developer maker musician

Sunday, June 12, 2016

How to Monitor Azure IoT Hub Traffic

You have a couple different options to monitor your incoming and outgoing Azure IoT Hub traffic.

Desktop App

On Windows machines, you can use the Azure IoT Hub Device Explorer utility. Under the Data tab, select your device, click Monitor and you’ll start to see messages in the Event Hub Data

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Node

You can also use the iothub-explorer npm package.

npm install -g iothub-explorer@latest

and then

iothub-explorer hubconnectionstring monitor-events deviceid


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Jon

Thursday, June 9, 2016

Fix for Azure Stream Analytics–Duplicate property names are not allowed

If you see the error “Duplicate property names are not allowed ‘avg’ in your Stream Analytics query it is likely because you aren’t setting up an alias for that property.

Here’s what you may see:

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Here’s how to fix it:  Just as an alias for each.

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Jon

Tuesday, June 7, 2016

How to Read All Accelerometer, Gyroscope, Barometer and Compass Data from the GY801, GY80 aka 9-Axis Inertial Navigation Module for Arduino aka IMU 10DOF L3G4200D+ADXL345+HMC5883L+BMP180

I’m hacking on project that requires an accelerometer.  I picked up this 9-Axis Inertial Navigation Module for Arduino from my local Vetco. That board is actually a GY801 (the newer version of the GY80). It has a gyroscope (L3G4200D), accelerometer (ADXL345), compass (HMC5883L) and a barometer (BMP180) (BMP085 on the GY80) all on one board.

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Hooking this up to an arduino is simple, just connect:

  • 3V to 3.3V
  • GND to GND
  • SDA to SDA
  • SCL to SCL


I searched around a bit for some sample code to get all the data from each component and found this i2cdevlib GitHub repo that has sample sketches for every component included in the GY801.  I combined all of the components included in the GY80 and GY801 boards into one sample sketch, which can be found here https://github.com/jrowberg/i2cdevlib/pull/244/files.  (I’ll update links if my PR is merged)


To get started quickly, just clone my fork, copy all the folders in the Arduino folder to your arduino/libraries folder and open up the GY80_raw.ino file and deploy.  After you do that you should see output in your serial monitor like this:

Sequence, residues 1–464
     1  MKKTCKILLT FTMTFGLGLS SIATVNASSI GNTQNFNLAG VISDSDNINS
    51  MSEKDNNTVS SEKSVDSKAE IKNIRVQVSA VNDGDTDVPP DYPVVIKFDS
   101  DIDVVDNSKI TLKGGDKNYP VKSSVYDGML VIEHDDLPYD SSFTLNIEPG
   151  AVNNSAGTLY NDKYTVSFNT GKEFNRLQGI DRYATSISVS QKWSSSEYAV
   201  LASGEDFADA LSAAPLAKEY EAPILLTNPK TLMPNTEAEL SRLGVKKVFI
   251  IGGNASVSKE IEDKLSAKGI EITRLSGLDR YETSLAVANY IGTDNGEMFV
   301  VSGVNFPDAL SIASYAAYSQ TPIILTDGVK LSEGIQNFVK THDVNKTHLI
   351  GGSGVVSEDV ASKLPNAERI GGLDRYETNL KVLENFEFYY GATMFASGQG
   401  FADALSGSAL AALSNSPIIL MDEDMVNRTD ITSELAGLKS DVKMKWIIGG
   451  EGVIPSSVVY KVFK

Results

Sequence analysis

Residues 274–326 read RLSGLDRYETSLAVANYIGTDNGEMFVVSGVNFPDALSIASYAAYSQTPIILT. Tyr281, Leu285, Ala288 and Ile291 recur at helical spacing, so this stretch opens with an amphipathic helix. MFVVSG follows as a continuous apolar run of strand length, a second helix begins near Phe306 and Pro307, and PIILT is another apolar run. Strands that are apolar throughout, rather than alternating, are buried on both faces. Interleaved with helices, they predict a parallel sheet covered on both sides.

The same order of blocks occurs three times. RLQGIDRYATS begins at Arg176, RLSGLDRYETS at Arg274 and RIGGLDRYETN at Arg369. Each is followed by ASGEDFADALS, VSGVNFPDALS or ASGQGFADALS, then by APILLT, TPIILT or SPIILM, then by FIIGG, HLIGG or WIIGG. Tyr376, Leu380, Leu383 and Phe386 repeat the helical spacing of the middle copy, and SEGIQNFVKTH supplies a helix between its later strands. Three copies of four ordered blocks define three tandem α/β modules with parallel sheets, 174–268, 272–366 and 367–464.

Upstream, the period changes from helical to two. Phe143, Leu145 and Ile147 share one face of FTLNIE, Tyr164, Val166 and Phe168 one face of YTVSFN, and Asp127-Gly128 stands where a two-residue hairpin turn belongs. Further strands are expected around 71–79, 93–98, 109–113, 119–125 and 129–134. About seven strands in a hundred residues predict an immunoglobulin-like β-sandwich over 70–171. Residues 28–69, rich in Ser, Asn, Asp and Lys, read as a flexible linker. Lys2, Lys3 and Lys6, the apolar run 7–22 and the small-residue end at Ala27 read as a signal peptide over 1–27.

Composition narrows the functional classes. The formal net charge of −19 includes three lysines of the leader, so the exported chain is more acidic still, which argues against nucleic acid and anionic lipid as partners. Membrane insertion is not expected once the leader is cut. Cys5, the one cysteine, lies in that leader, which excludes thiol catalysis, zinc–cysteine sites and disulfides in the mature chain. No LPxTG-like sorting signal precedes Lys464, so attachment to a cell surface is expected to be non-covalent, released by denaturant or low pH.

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Jon

Saturday, June 4, 2016

How To Build a Real-Time IoT Dashboard with Azure IoT Hub, Azure Stream Analytics and Power BI

Azure provides a set of services that allow you to visualize IoT device data in real-time.  The data pipeline is: IoT Device –> Azure IoT Hub –> Azure Stream Analytics –> Power BI.  Follow along with this post if you want to build out a simple version to get your started. Please leave a comment if you have any issues along the way.

Here’s the end result…trust me, it updates in real-time once you build this out.

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Azure IoT Hub

Follow my “How to Get Started with Azure IoT Hub and a UWP App” to get the IoT Hub setup and the code that will run on your emulated IoT device.  When you setup the IoT Hub, choose the S1 option instead of free if you want to write more than 8k messages a day.


After following that post you should have UWP IoT Device <–> Azure IoTHub working.


Now, let’s modify the device code to write more than a simple string to the IoT Hub.


IoT Device Code

This is the code that will run on the emulated IoT Device.  It will write random JSON Serialized messages to your IoT Hub. The data model is simple a single “Participant” class with “Position” and “Count” properties.

public class Participant
{
     public int Position { get; set; }
     public int Count { get; set; }
}

1. Clone this repo: https://github.com/jonbgallant/UWPIoTDevice

2. Open the DeviceKey.txt file and paste in your device connection string from the Azure Portal.  (I don’t do much UWP dev and couldn’t quickly figure out how they want us to store config settings like this, so I just dropped it in a text file.  LMK if you know a better way to manage config settings)

3. Compile and move onto next step.


Azure Stream Analytics

Stream Analytics will take messages from IoT Hub and push them to Power BI.  There are three things you need to configure: input, query and output.

1. Go to the old Azure Portal: https://manage.windowsazure.com 

2. Create a new Stream Analytics

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3. Connect the “input” to the IoT Hub you created earlier.  Choose “Data stream”, “IoT Hub”, “JSON” and “UTF8”

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4. Connect the “output” to Power BI. You will need to authenticate to Power BI.

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5. Write a query that connects your IoT Hub input to your Power BI output.

6. Click the Save button.